Then, from outta nowhere, StarWars suddenly happened.
StarWars, in 1977, was not a good film. It just wasn’t. It was a mess. It had a damsel in distress who grabbed a gun and started killing people; she couldn’t even work out whether she was English or American. It had stilted dialogue running into invisible walls of silence: people abandoning sentences as if they were being interrupted, though they weren’t. It was a convoluted disaster cramming in dogfights and car chases and ninjas and gunfights and pirates and half of The Wizard of Oz.
If StarWars were released today, the way it was released in 1977, it would flunk. That is to say that, if StarWars hadn’t happened in 1977, and hadn’t shaped the modern world, and the world had just advanced toward its current state without it, it would flunk today.
At the time, it worked. It worked because it was optimistic. It was a promise of better things at a time when Annie Hall got Best Picture. Think about that for a minute: StarWars was unleashed upon a world in which Woody Allen’s various neuroses were so close to the public pulse that someone gave him an Oscar.
StarWars was like nothing that had come before. Which of course is a lie. Because it was like 2001 and DarkStar had produced an offspring. It was like StarTrek had been entertaining. It was escapism, at a time when the world needed it.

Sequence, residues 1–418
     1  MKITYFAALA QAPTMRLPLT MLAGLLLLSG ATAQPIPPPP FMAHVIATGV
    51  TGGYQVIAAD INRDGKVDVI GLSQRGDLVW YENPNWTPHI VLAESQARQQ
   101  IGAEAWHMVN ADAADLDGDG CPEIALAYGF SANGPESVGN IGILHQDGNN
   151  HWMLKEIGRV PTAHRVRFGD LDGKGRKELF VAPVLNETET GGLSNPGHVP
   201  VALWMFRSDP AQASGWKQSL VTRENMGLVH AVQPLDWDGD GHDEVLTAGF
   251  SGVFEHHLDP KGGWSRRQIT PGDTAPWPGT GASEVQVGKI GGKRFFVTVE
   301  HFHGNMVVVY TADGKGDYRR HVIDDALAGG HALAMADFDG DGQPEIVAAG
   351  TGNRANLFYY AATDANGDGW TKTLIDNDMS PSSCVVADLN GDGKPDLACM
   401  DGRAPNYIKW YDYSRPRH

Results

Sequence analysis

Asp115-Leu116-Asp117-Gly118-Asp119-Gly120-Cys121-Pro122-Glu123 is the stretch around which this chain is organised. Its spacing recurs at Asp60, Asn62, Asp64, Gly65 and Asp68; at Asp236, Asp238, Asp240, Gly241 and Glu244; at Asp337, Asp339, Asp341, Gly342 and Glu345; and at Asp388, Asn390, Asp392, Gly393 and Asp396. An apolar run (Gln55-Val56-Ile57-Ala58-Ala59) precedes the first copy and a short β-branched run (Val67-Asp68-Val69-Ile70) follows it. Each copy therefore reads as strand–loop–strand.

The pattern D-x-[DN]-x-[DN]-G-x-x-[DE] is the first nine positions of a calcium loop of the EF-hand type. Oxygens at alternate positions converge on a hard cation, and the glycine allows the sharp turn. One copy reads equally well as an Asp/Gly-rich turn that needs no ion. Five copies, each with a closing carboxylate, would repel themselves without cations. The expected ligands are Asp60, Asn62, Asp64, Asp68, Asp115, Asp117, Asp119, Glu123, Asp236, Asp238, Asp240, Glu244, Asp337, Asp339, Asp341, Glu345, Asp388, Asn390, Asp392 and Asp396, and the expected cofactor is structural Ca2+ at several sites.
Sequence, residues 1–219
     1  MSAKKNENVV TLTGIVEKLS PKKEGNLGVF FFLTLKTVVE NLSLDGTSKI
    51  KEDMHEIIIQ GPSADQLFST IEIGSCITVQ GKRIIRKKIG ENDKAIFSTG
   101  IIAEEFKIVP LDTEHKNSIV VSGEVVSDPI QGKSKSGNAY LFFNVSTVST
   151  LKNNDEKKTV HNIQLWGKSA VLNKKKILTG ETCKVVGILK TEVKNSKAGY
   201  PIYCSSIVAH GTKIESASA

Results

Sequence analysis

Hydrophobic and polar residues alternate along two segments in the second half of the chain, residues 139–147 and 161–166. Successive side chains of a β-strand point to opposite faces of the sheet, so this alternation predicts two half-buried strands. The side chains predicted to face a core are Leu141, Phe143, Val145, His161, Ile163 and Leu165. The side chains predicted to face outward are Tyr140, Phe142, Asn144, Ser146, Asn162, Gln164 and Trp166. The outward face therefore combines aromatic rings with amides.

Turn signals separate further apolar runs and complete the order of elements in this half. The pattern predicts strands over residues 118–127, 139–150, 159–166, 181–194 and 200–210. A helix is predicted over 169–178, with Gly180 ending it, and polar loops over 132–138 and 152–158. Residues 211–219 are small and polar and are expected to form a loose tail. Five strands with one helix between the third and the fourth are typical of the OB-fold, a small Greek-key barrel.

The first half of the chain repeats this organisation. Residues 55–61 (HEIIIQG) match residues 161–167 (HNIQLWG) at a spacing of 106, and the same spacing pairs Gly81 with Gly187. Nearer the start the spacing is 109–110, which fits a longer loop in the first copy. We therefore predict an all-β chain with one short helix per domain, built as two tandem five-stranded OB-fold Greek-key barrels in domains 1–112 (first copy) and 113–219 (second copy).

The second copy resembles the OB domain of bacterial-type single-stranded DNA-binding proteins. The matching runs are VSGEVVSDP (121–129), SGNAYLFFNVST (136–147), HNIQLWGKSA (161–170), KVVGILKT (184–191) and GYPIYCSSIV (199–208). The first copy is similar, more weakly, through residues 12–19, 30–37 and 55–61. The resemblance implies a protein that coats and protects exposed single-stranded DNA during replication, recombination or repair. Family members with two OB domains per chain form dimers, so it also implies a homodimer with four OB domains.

Then, things got stranger.
First, the film just didn’t go away. It came out in May, got bigger in June, and bigger still in July; it was still hanging on in October after it was too cold to watch it at the drive in. It just kept happening.
Second, the merch began to leak out. Even before it existed. Kids got cardboard backdrops for the actionfigures they’d be able to get their hands on in 1978. Plastic landspeeders. Bedsheets. Princess Leia’s head as the cap on a bottle of shampoo. It went viral.
Third, the format wars occurred. JVC’s substandard but opensource VHS went up against Sony’s sonytastic BetaMax. And StarWars was one of the few films available for $14.99 at Target. If you were one of the one percent in possession of a VideoCassetteRecorder, you could watch StarWars eleven times a day. Ten if your machine rewound things slowly. And less if you stopped to sleep.
Fourth, there was a sequel. In 1980, the saga continued. And, this time, it wasn’t a film made with dumpsterdived battleship models and sticks wrapped in reflective tape. Empire was made for eighteen million dollars, back when that was a lot of money; at the time, a Corvette was twenty thousand bucks. Lucas handed the writing off to Larry Kasdan and the directing to Irvin Kershner; Gary Kurtz was still producing the whole thing. Few people would deny that Empire was better than StarWars.
But, again, I don’t personally look at it that way. I look at it as chapters in a saga. And, to the extent that Empire was better, it had the advantage of building off of an established origin story. StarWars was lesser a film in part due to its smaller budget and lesser technology; but, also, it burned a lot of time introducing characters who were worldfamous by the time Empire was released. That’s something to keep in mind for later….
In 1983, Return of the Jedi came out—but not before Han Solo had moonlit off to play Indiana Jones and Rick Deckard. At the time, half the appeal of Jedi was the promise that Harrison Ford was returning after all, despite rumours that Solo’s story had ended in carbonite.